This website provides Kindergarten teachers with inspiration for a series of lessons about how people in the community help to meet the needs of others. The author of the website, Jo Bertrand, suggests that teachers select one occupation per lesson and use quality children’s literature and puppetry to show students how particular social systems and structures assist them in meeting their needs. The inclusion of quality children’s literature (Gibson & Ewing, 2011) and puppetry (Ewing & Simons, 2010) in primary school classrooms has been shown to improve students’ literacy and oral communication skills. Examples of occupations that could be explored over the course of a one or two week period include medicine, dentistry, nursing, teaching, policing and fire fighting. To assess that the class understands that various people in the community have helped them to meet their needs in the past (New South Wales Board of Studies, 2007) students could complete a worksheet in which they must match a picture of a problem, for example a house on fire, with a picture of a person or organisation who could help them, in this case a fire fighter. Additionally, educators should seek to establish meaningful relationships with local service providers and community organisations so that it is possible to have guest speakers visit the class to talk about how their occupational field helps others meet their basic needs. For example, a nurse may visit the classroom and talk to students about the important role nurses play in hospitals.

Rescooped by Casey Lee Rich from Early Stage 1 HSIE: "people who met their needs in the past"
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Exploring Needs and Wants Through Literacy Activities


Via Patrick Madden
Casey Lee Rich's insight:

Sorting objects into different hula hoops for needs vs wants. Drawing/writing our needs.

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Patrick Madden's curator insight, April 21, 2013 3:07 AM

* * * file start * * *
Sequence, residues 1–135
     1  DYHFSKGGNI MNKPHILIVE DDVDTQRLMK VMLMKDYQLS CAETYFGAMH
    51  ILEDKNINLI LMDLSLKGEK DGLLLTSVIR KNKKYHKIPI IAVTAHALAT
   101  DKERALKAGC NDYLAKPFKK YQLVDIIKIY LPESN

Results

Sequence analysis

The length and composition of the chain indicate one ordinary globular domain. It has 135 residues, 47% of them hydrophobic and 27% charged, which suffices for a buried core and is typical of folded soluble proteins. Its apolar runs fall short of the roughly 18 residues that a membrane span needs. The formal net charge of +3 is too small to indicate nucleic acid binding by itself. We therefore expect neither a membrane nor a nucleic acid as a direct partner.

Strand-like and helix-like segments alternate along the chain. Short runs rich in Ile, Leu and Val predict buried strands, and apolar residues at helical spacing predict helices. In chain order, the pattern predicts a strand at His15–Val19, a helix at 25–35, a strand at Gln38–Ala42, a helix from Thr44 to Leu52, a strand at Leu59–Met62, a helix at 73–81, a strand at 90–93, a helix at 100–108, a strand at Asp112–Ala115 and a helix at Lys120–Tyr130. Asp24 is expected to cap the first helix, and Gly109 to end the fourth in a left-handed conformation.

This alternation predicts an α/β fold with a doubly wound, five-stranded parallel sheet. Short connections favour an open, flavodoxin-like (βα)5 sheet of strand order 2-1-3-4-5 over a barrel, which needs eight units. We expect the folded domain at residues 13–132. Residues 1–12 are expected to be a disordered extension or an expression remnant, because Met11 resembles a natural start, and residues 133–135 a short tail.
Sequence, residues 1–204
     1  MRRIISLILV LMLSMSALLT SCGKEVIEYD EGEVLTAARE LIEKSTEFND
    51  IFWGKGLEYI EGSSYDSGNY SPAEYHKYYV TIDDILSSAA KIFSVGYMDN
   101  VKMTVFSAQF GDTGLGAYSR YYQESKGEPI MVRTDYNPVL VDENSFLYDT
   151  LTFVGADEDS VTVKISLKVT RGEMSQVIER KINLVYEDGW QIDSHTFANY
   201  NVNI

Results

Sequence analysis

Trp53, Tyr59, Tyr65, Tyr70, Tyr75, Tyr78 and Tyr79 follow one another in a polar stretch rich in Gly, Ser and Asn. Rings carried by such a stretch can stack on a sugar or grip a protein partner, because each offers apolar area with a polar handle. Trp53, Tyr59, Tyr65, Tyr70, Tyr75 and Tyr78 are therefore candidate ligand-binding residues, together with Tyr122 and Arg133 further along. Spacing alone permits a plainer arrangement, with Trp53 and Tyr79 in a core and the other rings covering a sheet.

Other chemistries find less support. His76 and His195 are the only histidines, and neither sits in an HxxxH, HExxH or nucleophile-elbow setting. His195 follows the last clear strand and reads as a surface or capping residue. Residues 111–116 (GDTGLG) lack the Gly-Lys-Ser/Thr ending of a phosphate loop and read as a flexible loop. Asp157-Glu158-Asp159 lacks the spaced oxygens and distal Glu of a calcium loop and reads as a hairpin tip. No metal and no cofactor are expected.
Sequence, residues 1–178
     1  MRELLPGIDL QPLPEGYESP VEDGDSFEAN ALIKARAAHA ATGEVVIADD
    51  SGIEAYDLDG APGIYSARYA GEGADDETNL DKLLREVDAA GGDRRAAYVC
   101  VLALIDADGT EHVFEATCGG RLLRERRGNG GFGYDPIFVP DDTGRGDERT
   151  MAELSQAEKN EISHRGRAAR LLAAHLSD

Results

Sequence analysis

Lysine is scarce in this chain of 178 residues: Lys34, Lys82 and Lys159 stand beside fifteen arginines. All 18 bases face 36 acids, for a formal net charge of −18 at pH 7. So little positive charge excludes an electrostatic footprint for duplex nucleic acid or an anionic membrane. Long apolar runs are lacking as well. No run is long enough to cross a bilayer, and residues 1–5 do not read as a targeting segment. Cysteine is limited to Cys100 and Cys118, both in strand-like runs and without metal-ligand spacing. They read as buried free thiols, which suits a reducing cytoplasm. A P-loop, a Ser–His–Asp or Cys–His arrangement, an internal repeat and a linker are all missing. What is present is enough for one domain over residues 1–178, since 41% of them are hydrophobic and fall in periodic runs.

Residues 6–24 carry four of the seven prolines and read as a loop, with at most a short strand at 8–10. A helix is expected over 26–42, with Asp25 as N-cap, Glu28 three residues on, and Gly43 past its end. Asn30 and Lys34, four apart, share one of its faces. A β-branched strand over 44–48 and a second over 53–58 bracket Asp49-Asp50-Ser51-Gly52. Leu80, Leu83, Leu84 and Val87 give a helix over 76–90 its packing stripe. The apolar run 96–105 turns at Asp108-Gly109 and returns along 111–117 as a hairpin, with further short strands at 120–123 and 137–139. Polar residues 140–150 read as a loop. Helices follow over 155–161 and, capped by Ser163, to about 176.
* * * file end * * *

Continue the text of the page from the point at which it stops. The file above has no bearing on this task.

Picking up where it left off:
This blog, which outlines a number of learning activities appropriate to Kindergarten students studying a unit of work on needs and wants, is a fantastic resource for teachers. Mrs Luciani, the blog’s author, shows how she used categorisation and literacy exercises to assess whether her students were able to identify needs and wants in their own lives. As outlined by McInerney and McInerney (2010), activities that seek to show students how ‘formal’ knowledge learnt in the classroom is relevant to their daily lives are likely to encourage students to develop positive associations with school and inspire intrinsic motivation when completing future tasks. Instead of using Mrs Luciani’s learning activities as the foundation for a HSIE lesson, however, it would be wise for teachers to consider how they could integrate her games and activities with other key learning areas to develop students’ early literacy skills (Gilbert & Hoepper, 2011). For example, during the class’ ‘show and tell’ segment students could be asked to bring an object that represents a need and an object that represents a want. During their presentation students could explain, with assistance from the teacher if necessary, why the objects they have selected meet the criteria of a need and want respectively. The traditional understanding of ‘show and tell’ could be further adapted so that students’ objects are used as the primary teaching resource in a literacy lesson that focuses on oral language development (Mills, 1996). Here, the presenter could place one of their objects in a cardboard box. The presenter must use descriptive language, following prompts from the teacher if necessary, to describe their object to the class without revealing what the object is. They could discuss the shape or colour of the object, when they use the object or where the object is usually found. Following this description the class must guess what object is inside the box and then identify whether the object represents a need or want. Mills (1996) believes that activities such as this are essential to early literacy development as they familiarise students with descriptive language and the conventions of formal oral communication.